|Year : 2013 | Volume
| Issue : 2 | Page : 130-132
Fixed drug eruption due to fixed dose combination: A novel case
Sushil Kumar Varma, Shailesh Nagpure, Arup Kumar Misra, Pallavi Dhanvijay
Department of Pharmacology, Mahatma Gandhi Institute of Medical Sciences, Sevagram, Wardha, Maharashtra, India
|Date of Web Publication||26-Jul-2013|
Arup Kumar Misra
Department of Pharmacology, Mahatma Gandhi Institute of Medical Sciences, Sevagram - 442 102, Maharashtra
Source of Support: None, Conflict of Interest: None
Fixed drug eruption is a well documented drug side effect and accounts for about 5-10% of cutaneous drug reactions. We describe a case of fixed drug eruption on lips and perioral region following consumption of a fixed dose combination in acute gastroenteritis. Fixed dose combination of Ofloxacin and Ornidazole is one of the most commonly used medications for acute gastroenteritis. Fixed drug reaction caused in this case was red, raised macule, which turned into blister and later followed by post-inflammatory hyperpigmentation. Delayed type IV hypersensitivity reaction is most probably the reason for the mechanism of fixed drug reaction.
Keywords: Fixed drug eruption, hyperpigmentation, ofloxacin, ornidazole, re-challenge
|How to cite this article:|
Varma SK, Nagpure S, Misra AK, Dhanvijay P. Fixed drug eruption due to fixed dose combination: A novel case. Int J Health Allied Sci 2013;2:130-2
|How to cite this URL:|
Varma SK, Nagpure S, Misra AK, Dhanvijay P. Fixed drug eruption due to fixed dose combination: A novel case. Int J Health Allied Sci [serial online] 2013 [cited 2023 Dec 11];2:130-2. Available from: https://www.ijhas.in/text.asp?2013/2/2/130/115691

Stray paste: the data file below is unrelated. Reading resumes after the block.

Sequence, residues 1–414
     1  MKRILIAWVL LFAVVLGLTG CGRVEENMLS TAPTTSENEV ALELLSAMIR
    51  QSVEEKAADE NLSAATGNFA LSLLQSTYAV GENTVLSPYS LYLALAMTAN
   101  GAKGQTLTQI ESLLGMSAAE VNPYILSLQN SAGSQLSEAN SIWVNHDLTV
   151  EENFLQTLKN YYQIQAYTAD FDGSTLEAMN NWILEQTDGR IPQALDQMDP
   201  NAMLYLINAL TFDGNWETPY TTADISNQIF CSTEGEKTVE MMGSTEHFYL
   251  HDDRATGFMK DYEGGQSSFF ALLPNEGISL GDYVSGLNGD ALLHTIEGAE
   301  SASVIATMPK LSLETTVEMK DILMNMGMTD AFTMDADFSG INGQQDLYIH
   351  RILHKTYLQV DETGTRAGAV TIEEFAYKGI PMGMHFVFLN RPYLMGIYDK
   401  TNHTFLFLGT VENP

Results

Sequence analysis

| Introduction|| |
Fixed drug eruption (FDE) is an unusual and rare adverse drug reaction. The term FDE was first introduced by Brocq in 1894.  This type of reaction is actually a delayed type of hypersensitivity reaction which occurs as lesions recurring at the same skin site due to repeated intake of an offending drug. , Ornidazole is a relatively newer 5-nitroimidazole having low molecular weight with excellent activity against anaerobic micro-organisms and protozoa. They are the first line drugs for hepatic and intestinal amoebiasis in developing countries. On the other hand, Ofloxacin is a synthetic chemotherapeutic antibiotic belonging to the second-generation fluoroquinolone and used to treat various bacterial infections. This combination is irrational according to Food and Drug Association (FDA) but still used extensively for treatment of acute gastroenteritis. We would like to present a case of FDE following treatment with fixed dose combination of Ofloxacin and Ornidazole as both the drugs are causative in fixed drug eruption. ,